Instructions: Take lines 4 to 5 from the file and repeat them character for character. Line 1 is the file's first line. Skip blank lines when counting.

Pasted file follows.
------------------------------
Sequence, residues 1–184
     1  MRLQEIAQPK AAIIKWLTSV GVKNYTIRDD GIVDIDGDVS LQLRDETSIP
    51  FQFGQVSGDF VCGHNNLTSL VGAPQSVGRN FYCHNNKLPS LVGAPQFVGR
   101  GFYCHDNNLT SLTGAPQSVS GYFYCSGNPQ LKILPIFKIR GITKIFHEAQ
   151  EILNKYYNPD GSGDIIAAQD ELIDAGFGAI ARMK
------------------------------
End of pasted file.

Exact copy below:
   101  GFYCHDNNLT SLTGAPQSVS GYFYCSGNPQ LKILPIFKIR GITKIFHEAQ
   151  EILNKYYNPD GSGDIIAAQD ELIDAGFGAI ARMK